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August 13, 2018 | by  | in VUWSA |
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VUWSA

Last week Ella and I went to attend a talk by the Irish Honorary Consul-General, Niamh McMahon, about Ireland’s experience with abortion reform.
Since 1861, abortion has been illegal in Ireland, as for centuries in Ireland, there has been little separation between the Church and the State. In 1983, pro-life activists became worried that the Irish Constitution didn’t do enough to protect the lives of unborn babies.

This eventually led to the Eighth Amendment to the Constitution of Ireland, which effectively gave equal rights to the mother and unborn child.
Niamh recalled a number of horrific stories that occurred in Ireland in the 80s and 90s. Women could not get an abortion in Ireland, and were forced to extreme measures to avoid shame within their communities. Those who could afford it would travel to the U.K. to get an abortion – a practice still happening today. Some women even killed their babies following birth to avoid the shame and stigma.

A catalyst for change was “Case X” in 1992. A 14-year-old girl became pregnant as a result of rape by a neighbour. She was not allowed to get an abortion in Ireland, nor was she allowed to travel to the U.K. for an abortion. However, the Supreme Court ultimately decided the girl could travel to get an abortion after it was revealed the girl had suicidal thoughts. The case caused an immense stir in Ireland.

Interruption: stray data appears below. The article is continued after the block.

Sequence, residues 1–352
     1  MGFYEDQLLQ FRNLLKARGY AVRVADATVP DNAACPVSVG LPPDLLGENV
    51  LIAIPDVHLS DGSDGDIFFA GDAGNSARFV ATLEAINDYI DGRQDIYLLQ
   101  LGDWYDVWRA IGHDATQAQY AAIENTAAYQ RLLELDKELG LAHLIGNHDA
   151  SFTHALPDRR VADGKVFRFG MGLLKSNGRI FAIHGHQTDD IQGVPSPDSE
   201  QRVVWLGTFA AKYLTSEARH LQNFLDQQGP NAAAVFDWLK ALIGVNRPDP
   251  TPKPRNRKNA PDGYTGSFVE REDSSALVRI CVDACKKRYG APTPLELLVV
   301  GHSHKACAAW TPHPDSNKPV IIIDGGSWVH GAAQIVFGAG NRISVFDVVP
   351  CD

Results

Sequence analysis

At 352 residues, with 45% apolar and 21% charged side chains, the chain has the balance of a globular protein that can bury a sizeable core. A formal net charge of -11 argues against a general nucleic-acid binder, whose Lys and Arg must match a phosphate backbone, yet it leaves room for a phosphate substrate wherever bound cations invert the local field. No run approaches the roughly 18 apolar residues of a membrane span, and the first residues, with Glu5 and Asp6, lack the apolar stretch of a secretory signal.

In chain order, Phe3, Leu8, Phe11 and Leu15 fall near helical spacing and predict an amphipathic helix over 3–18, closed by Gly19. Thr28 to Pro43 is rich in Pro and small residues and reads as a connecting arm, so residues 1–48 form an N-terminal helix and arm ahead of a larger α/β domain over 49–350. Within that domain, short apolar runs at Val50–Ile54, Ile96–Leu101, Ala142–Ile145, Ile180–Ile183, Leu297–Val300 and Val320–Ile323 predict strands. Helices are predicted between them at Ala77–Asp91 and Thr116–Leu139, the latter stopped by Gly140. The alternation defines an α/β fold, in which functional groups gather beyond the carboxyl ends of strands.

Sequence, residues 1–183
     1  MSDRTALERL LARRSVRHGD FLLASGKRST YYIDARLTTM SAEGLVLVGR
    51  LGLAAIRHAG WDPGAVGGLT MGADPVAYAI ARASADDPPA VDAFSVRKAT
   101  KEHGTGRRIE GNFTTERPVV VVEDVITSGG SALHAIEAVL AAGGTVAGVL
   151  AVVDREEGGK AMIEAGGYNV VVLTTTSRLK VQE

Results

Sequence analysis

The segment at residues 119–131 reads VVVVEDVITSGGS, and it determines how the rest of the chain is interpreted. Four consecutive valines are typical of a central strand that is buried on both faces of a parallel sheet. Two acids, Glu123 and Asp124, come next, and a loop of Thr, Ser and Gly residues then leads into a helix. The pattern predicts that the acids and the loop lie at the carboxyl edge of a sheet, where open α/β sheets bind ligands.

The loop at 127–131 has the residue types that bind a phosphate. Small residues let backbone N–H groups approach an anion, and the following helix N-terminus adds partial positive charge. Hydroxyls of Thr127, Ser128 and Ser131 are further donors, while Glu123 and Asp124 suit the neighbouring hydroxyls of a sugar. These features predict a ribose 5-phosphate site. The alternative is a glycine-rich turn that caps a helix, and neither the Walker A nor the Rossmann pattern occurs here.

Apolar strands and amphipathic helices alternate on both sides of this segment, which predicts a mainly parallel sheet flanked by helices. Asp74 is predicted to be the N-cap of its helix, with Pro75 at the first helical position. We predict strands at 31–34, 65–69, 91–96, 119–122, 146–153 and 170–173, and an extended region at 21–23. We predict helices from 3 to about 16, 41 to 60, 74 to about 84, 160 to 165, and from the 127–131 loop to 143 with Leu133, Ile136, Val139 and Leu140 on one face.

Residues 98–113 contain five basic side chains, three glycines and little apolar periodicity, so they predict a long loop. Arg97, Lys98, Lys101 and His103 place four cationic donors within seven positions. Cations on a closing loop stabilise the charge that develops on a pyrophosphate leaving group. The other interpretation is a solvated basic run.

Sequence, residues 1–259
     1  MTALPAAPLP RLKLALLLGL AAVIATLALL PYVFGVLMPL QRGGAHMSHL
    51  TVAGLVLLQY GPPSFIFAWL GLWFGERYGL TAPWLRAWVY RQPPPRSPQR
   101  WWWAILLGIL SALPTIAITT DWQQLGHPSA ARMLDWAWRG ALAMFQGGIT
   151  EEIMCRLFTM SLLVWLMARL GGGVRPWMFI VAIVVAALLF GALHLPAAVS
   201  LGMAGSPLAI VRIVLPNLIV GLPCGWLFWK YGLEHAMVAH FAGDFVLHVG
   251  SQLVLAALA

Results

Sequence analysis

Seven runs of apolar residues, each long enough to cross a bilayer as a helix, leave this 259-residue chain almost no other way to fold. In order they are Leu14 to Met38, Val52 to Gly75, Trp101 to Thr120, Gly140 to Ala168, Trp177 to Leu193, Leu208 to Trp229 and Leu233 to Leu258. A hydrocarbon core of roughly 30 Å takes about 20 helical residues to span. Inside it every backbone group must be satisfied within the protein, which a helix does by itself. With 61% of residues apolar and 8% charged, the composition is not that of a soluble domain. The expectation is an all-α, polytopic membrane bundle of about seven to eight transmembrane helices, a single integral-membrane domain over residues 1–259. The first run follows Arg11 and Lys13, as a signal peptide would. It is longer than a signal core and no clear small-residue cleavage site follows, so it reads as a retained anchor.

On 25 May 2018, Ireland held a referendum asking voters if they wanted to repeal the Eighth Amendment, and allow the government to legislate on terminations. A convincing 67% of people voted yes, and 33% voted no. There is a Bill currently going through Parliament that will allow women to terminate pregnancy up to 12 weeks, “no questions asked”.

In NZ, abortion is legal in situations where the pregnant woman faces a danger to her life, physical or mental health, or if there is a risk of the fetus being handicapped in the event of the continuation of pregnancy. In all other circumstances, abortion is considered a crime in NZ.
It is ironic that Ireland will soon have more progressive abortion laws than NZ. Something to think about?

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